This isn’t the first time we’ve worked on a large touch-up of Rust’s graphics. This time it's going to be a bit different: I started from the ground up, combing over almost every aspect of the game, striving for consistency.
Developing a game in a small team for years
Let me explain why it was even necessary at all. In the three years and more that we’ve been developing Rust, there’s been a large number of weekly changes to the game. One of the symptoms of our flexible development process has been a lack of consistency in our graphics, and to another extent in our gameplay. As developers in a small team, we would want these things to be perfect at any time, but we have to wear so many hats that we find ourselves moving from task to task, sometimes unable to bring them to a level of quality we want. This week for me has been about fixing this when it comes to our visuals. The big picture: undoing what it has become and starting afresh.
Why it was needed
Our visuals were a lot more neutral years ago when the reboot occurred. Visually duller, but neutral. It looked like a game built from asset store content. Then we moved away from that, replacing more and more Legacy art with our own work. We also developed tools, post processes, ocean shaders, etc. The problem was not the content created, but how all these parts of the game communicated together. There was noise.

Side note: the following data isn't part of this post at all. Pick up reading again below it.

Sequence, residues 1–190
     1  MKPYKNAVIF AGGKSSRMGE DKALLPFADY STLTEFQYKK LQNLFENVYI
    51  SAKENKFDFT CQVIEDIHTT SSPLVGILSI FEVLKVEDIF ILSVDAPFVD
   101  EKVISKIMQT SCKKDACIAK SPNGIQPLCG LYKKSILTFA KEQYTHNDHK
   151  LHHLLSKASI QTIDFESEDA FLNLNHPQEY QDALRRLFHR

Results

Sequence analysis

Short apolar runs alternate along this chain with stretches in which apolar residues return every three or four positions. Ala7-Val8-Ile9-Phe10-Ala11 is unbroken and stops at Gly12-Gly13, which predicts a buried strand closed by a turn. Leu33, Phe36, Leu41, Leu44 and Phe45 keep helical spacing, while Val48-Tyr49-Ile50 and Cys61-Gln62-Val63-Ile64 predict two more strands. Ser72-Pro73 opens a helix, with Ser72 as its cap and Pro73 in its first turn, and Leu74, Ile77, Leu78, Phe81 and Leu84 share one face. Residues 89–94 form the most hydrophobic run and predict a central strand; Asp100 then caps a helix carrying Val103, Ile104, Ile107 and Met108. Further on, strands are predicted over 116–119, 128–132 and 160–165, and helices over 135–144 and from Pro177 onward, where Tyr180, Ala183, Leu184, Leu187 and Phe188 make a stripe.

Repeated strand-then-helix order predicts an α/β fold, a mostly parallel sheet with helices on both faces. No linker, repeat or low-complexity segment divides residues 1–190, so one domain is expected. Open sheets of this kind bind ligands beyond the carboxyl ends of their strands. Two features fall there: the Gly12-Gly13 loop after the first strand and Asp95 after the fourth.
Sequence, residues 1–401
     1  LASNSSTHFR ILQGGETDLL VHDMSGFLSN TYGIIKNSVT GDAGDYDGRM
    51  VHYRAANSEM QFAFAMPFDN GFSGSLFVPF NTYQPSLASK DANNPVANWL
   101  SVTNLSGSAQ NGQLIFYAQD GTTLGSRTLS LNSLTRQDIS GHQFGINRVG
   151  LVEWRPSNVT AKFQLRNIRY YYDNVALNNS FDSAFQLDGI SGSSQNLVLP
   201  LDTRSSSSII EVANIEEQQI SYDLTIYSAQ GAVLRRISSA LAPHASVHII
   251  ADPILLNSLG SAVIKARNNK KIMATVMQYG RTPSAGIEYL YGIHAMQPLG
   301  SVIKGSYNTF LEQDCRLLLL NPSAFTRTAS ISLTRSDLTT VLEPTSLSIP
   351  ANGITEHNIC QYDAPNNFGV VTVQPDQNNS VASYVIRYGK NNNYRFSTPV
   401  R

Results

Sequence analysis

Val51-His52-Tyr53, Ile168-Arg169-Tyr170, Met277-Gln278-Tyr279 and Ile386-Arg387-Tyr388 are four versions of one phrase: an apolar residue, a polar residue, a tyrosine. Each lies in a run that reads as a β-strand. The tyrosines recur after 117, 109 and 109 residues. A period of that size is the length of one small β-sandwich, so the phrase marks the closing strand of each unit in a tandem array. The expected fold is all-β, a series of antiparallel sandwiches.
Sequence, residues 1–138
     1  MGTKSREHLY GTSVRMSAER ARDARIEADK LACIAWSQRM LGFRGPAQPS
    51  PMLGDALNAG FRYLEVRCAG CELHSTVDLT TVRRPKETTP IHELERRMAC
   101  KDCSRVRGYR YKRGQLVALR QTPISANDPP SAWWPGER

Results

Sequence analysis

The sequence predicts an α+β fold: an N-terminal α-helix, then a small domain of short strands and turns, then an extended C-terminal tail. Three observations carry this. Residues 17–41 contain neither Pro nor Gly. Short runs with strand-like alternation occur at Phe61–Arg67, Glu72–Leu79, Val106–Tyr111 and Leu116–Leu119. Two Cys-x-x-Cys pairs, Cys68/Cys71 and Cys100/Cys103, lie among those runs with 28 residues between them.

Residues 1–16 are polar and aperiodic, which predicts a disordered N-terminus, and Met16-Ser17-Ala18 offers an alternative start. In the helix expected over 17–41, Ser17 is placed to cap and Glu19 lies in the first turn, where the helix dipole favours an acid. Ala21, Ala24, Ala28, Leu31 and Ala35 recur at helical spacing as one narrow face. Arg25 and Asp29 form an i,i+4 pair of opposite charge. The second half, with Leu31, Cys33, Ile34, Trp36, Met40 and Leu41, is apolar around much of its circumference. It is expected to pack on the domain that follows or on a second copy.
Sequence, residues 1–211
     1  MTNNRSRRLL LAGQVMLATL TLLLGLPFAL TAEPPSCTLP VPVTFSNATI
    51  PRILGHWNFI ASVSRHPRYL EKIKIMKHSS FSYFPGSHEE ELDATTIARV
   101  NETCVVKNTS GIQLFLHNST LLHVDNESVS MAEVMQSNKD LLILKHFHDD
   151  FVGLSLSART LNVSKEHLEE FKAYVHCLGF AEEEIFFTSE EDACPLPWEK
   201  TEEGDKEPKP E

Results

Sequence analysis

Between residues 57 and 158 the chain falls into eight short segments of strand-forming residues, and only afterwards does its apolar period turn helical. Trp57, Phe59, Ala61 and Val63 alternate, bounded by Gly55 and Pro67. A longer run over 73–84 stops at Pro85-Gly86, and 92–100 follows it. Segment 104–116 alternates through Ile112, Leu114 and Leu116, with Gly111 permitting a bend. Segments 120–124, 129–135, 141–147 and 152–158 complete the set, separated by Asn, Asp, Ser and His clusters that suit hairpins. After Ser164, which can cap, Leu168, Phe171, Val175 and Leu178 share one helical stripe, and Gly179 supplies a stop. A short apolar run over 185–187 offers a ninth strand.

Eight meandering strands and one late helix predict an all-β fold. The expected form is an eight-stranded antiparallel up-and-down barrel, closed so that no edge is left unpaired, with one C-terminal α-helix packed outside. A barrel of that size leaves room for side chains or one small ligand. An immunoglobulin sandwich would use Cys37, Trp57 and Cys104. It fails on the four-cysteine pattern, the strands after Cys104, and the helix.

This time when reworking all of it I tried to achieve a picture that draws you into the game. I tried to avoid things that do not make sense in the real world, things that would break your immersion. And all the while doing this, I tried to understand what Rust is in your eyes, and to be mindful of how the community sees the game VS where I want to take it.
Is it complete?
Initially I worked on this as post Early Access patch, and would have released next month. But overall the response has been such that we felt we had to pack it in this current patch. What this does mean though is that Damian, Andre and I have a lot more in the bag in terms of improving the picture and pushing procedural generation. We're all incredibly happy to see your positivity towards these changes and look forward to bringing you more in our next updates.